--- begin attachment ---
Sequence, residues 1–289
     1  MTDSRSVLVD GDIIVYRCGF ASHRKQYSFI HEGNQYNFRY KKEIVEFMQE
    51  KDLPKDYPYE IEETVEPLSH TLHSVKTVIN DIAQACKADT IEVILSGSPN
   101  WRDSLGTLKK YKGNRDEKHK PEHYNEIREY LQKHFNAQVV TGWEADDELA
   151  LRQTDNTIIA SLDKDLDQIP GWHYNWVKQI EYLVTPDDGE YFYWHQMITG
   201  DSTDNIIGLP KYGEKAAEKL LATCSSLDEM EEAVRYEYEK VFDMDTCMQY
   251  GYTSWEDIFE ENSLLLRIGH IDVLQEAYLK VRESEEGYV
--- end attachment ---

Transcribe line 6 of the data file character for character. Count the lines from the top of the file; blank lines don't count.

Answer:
   201  DSTDNIIGLP KYGEKAAEKL LATCSSLDEM EEAVRYEYEK VFDMDTCMQY